We fre­quent­ly use this term when talk­ing about pho­tog­ra­phy. I have been a point­er and shoot­er in my time. I’ve even used throw away cameras.

But I was think­ing about how chil­dren learn to speak these days. From my own sur­vey 83% of mid­dle class chil­dren under 8 (with a ratio of 3:2 in favour of girls) that I know have some form of speech delay, many, both girls and boys, have oth­er delays too.

The major­i­ty of their par­ents are well spo­ken and quite suc­cess­ful in their pro­fes­sion­al worlds – com­put­er types, jour­nal­ists, teach­ers, nurs­es – all of which require them to be quite ver­bal and also very clear in what they say.

Why then would the chil­dren of such par­ents be slow to talk? By slow I mean at least a year, some­times even three years behind what would nor­mal­ly be expect­ed of a mid­dle class child from such a background.

I recent­ly heard of yet anoth­er 2 year old who is a ‘slow talk­er’. She can point to words on the signs in the zoo, knows her ani­mals and her flash cards – this from the child whose father want­ed to be a pale­on­tol­o­gist when he was 6! No short­age of vocab­u­lary in that father!

But his child, from recent reports, is a ‘slow talk­er’. I am now com­ing to think that we are in the flash card era – per­haps we have always been so, I just missed that class.

I was nev­er into flash cards or mem­o­riza­tion of words. Once a word was pro­nounced and mean­ing made clear I was able to assume that it had gone into my sons’ brains (or every oth­er child I’ve raised) and it would come out of their mouths when need­ed. Some words just seemed to be used appro­pri­ate­ly and I nev­er knew where they came from! 

My old­est son’s friend could spell ‘egg’ when he was 2 – his grand­fa­ther had taught him. I was amazed that it had nev­er occurred to me to teach my child such a thing. But I just went about my mer­ry way.

My old­est son could sing Gilbert and Sullivan’s “Modern Major Gen­er­al” when he was two. We didn’t think it odd or advanced because it was music we just played because we enjoyed it and assumed it had rubbed off on him. He real­ly learned to read fast by look­ing at the words for and singing along to Bil­ly Joel’s songs in the car when he was 5 or 6! He was cer­tain­ly nev­er made to read, recite or sing for his grand­par­ents’, or any­one else’s, enter­tain­ment. So I guess he was an ‘early talk­er’ – we just thought he was normal!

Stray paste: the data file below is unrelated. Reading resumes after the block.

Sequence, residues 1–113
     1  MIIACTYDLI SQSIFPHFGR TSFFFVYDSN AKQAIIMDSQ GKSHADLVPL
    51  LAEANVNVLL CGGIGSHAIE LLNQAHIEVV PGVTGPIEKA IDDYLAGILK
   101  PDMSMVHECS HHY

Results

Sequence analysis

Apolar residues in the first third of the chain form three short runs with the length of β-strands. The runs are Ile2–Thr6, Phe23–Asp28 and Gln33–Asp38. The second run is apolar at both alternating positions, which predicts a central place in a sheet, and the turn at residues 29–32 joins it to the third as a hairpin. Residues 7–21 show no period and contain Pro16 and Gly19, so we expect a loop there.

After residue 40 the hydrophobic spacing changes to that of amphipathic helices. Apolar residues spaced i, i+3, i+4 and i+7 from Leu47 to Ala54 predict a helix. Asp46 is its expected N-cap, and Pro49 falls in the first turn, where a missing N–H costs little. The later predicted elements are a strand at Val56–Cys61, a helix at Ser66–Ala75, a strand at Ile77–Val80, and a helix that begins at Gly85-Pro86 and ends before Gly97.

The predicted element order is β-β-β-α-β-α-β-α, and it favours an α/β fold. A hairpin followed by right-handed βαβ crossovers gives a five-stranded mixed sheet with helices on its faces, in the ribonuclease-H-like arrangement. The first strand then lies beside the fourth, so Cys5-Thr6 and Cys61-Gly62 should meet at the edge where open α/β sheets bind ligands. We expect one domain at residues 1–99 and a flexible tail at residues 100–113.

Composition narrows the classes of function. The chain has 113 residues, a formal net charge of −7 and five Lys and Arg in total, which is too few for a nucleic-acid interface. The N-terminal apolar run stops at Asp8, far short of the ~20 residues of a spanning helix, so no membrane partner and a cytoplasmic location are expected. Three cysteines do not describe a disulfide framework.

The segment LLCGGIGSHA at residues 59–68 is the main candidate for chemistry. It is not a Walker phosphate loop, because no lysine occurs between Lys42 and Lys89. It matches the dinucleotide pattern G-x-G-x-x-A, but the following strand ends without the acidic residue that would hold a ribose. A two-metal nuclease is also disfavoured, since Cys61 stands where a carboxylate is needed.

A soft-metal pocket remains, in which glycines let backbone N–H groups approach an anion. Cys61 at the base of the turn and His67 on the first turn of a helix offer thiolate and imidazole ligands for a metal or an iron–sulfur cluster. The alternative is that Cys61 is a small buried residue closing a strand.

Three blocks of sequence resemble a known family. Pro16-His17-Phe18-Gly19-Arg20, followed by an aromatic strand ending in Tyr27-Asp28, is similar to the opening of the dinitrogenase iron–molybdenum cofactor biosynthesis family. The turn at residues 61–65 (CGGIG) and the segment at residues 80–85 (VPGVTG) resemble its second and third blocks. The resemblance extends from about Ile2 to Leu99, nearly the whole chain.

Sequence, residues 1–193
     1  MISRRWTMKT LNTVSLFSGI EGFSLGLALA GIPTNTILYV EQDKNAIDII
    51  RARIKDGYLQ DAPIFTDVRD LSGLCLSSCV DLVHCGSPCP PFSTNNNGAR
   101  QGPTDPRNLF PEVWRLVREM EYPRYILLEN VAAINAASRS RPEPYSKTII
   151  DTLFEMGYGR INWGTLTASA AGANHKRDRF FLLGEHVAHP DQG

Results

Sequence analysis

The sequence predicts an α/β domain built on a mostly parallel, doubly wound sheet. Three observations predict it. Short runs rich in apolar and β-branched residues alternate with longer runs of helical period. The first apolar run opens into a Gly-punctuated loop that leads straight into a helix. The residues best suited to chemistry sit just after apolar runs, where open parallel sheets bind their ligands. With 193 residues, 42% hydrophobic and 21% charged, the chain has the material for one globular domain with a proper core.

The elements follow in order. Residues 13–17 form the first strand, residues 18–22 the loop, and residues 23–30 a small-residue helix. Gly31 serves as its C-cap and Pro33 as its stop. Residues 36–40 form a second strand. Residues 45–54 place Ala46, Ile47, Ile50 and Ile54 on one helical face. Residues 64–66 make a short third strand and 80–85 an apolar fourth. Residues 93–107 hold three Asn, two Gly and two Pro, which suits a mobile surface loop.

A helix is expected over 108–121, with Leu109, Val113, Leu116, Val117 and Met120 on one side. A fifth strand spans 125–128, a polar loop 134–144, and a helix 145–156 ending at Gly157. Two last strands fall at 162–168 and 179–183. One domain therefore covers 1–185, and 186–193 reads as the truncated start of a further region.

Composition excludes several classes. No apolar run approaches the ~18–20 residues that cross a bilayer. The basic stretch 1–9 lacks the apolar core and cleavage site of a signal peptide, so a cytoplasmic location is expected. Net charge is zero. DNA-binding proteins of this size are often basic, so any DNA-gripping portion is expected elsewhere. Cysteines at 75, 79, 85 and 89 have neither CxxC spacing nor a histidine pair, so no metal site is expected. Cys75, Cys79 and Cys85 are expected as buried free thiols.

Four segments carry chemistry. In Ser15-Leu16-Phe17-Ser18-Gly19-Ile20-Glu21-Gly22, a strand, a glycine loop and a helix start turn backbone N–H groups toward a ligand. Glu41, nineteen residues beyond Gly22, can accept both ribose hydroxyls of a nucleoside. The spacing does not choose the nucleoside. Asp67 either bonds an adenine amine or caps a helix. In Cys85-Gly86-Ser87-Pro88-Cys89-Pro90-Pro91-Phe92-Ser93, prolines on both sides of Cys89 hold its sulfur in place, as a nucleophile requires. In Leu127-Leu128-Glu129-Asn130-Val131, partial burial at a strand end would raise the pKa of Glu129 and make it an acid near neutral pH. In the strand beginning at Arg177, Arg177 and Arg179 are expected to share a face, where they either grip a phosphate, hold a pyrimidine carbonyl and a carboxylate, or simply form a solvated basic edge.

What I’m get­ting at is that his lan­guage came from nat­ur­al con­ver­sa­tions and activ­i­ties and inter­ests that he shared with his fam­i­ly. A friend com­ment­ed lat­er in our home edu­ca­tion expe­ri­ence “He’ll do all right in Eng­lish because you speak the lan­guage prop­er­ly”. I sup­pose we did – we just nev­er thought of it that way. 

But despite nev­er hav­ing been drilled, ever, in the writ­ten or spo­ken lan­guage both sons now have an excel­lent com­mand of Eng­lish. The old­est is even a pub­lished author in his field and the youngest was the one who ensured that this blog would take off and that I would final­ly publish.

They each ‘got it’!

So the ‘point and shoot method’ of teach­ing lan­guage just isn’t work­ing, just as the ‘look and say method’ of teach­ing read­ing doesn’t work by itself.

There needs to be real world use of lan­guage, out and out every day words, phras­es and inter­ac­tions used by the adults in the child’s world.

We’ve got to realise that the Eng­lish lan­guage is a colour­ful tool and can and should be used to com­mu­ni­cate our thoughts and feel­ings. If we don’t take the respon­si­bil­i­ty of teach­ing our chil­dren to speak prop­er­ly we are con­sign­ing them, ear­li­er and ear­li­er, to a world where peo­ple can’t or wont speak the Eng­lish lan­guage well and where even in an oth­er­wise respect­ed church pre-school a 3 year old from a decent mid­dle class fam­i­ly comes home say­ing “Get out of my way, bitch”.

That phrase wasn’t what I had in mind when I said our lan­guage was colourful! 

The ‘point and shoot method’ just isn’t work­ing. As with pho­tog­ra­phy, there are hol­i­day snaps and there are beau­ti­ful pho­tographs by true artists.

Let’s become artists when it comes to teach­ing our chil­dren their native lan­guage. Let’s throw away the ‘point and shoot method’.